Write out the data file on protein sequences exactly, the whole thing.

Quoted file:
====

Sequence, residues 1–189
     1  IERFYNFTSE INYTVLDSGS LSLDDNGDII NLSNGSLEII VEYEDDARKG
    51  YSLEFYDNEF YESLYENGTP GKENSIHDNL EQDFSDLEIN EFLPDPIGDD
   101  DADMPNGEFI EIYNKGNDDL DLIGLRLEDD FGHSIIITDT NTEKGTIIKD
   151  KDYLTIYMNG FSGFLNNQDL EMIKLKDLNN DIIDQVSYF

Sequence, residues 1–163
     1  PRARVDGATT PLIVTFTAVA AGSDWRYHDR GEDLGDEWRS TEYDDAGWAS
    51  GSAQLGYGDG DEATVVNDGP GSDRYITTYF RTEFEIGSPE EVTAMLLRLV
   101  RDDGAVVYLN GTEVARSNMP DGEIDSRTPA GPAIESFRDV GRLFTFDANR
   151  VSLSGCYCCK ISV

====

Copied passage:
Sequence, residues 1–189
     1  IERFYNFTSE INYTVLDSGS LSLDDNGDII NLSNGSLEII VEYEDDARKG
    51  YSLEFYDNEF YESLYENGTP GKENSIHDNL EQDFSDLEIN EFLPDPIGDD
   101  DADMPNGEFI EIYNKGNDDL DLIGLRLEDD FGHSIIITDT NTEKGTIIKD
   151  KDYLTIYMNG FSGFLNNQDL EMIKLKDLNN DIIDQVSYF

Sequence, residues 1–163
     1  PRARVDGATT PLIVTFTAVA AGSDWRYHDR GEDLGDEWRS TEYDDAGWAS
    51  GSAQLGYGDG DEATVVNDGP GSDRYITTYF RTEFEIGSPE EVTAMLLRLV
   101  RDDGAVVYLN GTEVARSNMP DGEIDSRTPA GPAIESFRDV GRLFTFDANR
   151  VSLSGCYCCK ISV